How to Acoustically Tune Your Room

For homeowners who want to record their own singing

Updated on June 30, 2017 10:06 am

Alexis Wang

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Before you start to treat your room, here is a fun fact on how sound travels in a room. According to Stanford University, when a sound is made, one part of the wave called the "direct sound" reaches the receiver directly, followed by other parts of the waves called "the early reflections" that bounce around the room.

A good sound recording is not just about having an expensive microphone and software. The most important factor that will make or break your recording is your room acoustics.

1. Three elements of acoustic treatment: According to E-Home Recording Studio, a good acoustic treatment requires a combination of three elements: bass traps to absorb the low frequencies, acoustic panels to absorb the mid/high frequencies, and diffusers to scatter the remaining frequencies.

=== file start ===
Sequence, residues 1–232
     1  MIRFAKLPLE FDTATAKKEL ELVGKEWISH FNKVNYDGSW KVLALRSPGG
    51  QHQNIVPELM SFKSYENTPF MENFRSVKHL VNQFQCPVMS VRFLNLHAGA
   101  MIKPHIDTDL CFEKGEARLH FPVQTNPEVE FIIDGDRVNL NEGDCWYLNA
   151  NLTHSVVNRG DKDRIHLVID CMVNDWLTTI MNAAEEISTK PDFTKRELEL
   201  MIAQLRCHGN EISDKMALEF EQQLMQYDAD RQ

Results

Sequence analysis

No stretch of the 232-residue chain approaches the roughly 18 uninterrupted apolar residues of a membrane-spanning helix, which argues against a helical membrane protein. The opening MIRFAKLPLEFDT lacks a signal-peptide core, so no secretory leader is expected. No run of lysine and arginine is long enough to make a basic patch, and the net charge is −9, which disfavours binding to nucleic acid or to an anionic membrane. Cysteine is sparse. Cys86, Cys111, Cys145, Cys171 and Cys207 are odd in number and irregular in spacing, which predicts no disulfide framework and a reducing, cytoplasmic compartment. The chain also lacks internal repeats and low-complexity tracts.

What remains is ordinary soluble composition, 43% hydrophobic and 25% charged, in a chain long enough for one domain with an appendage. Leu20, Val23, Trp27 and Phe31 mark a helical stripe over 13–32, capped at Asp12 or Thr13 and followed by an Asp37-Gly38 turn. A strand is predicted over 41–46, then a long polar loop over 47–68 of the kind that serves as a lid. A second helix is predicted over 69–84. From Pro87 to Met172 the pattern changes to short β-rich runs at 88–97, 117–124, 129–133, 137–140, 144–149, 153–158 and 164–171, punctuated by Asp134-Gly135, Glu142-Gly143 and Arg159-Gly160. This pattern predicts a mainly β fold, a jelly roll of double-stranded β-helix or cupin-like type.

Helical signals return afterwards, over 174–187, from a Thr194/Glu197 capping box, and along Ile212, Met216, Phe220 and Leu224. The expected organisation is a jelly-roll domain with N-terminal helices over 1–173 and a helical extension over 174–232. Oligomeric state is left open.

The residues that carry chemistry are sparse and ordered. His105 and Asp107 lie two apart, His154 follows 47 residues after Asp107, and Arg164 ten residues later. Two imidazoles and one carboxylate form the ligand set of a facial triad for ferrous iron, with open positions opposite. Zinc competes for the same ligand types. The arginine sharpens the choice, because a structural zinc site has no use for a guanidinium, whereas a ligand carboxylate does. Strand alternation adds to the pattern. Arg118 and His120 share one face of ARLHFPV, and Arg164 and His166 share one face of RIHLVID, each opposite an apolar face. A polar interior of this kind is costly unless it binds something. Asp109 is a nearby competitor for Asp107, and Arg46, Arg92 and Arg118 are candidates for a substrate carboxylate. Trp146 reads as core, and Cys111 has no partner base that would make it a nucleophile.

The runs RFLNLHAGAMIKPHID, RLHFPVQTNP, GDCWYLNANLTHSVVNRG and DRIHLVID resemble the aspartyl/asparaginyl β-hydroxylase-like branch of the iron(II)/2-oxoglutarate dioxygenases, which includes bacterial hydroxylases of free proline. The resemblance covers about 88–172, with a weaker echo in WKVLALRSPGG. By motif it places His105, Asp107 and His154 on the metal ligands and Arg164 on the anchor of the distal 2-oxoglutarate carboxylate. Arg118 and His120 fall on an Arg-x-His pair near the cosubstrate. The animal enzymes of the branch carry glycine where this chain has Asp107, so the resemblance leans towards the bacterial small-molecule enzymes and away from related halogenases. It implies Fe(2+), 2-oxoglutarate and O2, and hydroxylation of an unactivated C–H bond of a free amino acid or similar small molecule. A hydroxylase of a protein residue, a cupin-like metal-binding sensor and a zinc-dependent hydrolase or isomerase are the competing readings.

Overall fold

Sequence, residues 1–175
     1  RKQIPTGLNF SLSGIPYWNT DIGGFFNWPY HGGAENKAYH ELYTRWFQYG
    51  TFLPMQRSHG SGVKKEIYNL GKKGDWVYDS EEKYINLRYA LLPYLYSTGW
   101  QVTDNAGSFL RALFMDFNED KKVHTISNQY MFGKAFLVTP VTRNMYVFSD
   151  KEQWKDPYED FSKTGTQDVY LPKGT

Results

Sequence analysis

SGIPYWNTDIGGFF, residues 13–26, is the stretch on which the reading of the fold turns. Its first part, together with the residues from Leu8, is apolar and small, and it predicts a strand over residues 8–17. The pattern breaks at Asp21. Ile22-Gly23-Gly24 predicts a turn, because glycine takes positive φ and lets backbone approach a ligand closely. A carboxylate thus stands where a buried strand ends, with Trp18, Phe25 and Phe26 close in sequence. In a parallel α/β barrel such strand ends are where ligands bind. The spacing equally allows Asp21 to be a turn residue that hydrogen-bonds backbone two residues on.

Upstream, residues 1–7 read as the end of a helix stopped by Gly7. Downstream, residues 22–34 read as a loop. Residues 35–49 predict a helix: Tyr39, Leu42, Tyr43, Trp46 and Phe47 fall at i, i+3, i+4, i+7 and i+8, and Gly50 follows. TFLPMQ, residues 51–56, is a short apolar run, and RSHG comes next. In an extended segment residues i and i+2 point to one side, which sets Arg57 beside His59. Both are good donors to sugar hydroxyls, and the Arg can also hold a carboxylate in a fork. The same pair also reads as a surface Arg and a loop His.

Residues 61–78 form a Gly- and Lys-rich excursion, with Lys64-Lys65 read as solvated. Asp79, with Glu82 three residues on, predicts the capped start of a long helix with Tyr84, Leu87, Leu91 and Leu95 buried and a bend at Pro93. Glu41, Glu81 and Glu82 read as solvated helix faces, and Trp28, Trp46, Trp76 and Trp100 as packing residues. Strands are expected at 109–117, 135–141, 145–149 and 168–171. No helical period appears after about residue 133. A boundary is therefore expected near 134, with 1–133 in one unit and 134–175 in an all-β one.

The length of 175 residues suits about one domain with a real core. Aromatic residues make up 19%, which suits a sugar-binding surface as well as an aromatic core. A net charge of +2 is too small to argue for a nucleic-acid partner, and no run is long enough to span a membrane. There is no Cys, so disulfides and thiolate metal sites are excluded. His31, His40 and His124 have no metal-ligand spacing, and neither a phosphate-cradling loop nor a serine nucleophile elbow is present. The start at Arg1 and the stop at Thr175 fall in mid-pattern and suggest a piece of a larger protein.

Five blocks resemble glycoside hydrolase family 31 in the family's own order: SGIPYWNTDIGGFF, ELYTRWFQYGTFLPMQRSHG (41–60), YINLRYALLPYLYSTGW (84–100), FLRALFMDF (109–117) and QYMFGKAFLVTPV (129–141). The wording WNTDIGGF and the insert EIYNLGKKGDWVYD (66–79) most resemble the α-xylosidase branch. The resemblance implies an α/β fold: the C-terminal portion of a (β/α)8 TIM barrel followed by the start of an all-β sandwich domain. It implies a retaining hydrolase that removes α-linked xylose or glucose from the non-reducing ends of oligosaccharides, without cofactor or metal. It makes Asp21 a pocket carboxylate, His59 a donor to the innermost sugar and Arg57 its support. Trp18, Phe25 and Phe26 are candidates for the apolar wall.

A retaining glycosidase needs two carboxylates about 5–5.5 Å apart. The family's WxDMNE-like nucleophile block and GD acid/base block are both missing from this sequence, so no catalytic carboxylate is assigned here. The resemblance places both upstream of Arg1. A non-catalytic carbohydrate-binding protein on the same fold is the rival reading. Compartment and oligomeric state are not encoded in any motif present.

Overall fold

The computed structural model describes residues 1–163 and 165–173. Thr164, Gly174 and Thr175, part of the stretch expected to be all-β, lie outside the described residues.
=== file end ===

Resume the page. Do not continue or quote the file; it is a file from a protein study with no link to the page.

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2. Absorption and diffusion: These two work best in the right combination. By installing foam panels, it absorbs all sound reflections, leaving only the direct sound from the source but it makes the room sound dead.

3. There are two types of foam used in a recording studio: for soundproofing or sound absorption. Foam intended for sound absorption are usually soft and light, and are used to soften the surface to reduce the echo.

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4. Control the diffusion of the sound by using multi-faceted surfaces made of wood, plastic, or even polystyrene. Diffusion also helps to preserve the natural tone and maintain the natural frequency balance.

“In the case of affordable treatment, we need to control the energy of the sound first. Then we can take care of the sound quality. With small spaces, bass frequencies are always a problem and we should control the low frequencies as much as we can,” said acoustic design specialist Andy Munro in an interview with Sound on Sound.

One of the projects of dbAcoustics: Designing the recording studio in MediaCorp

5. Soundproofing: Minimise the amount of noise that goes in and out of your room by sealing up all window and door gaps. Curtains will help to reduce the sound, too. If you have more budget to spare, professionals such as dbAcoustics can do an assessment of your requirements and design your soundproof rooms accordingly.


Any tips for homeowners? Share with us at hello@cromly.com.

Cover photo courtesy of
Roland

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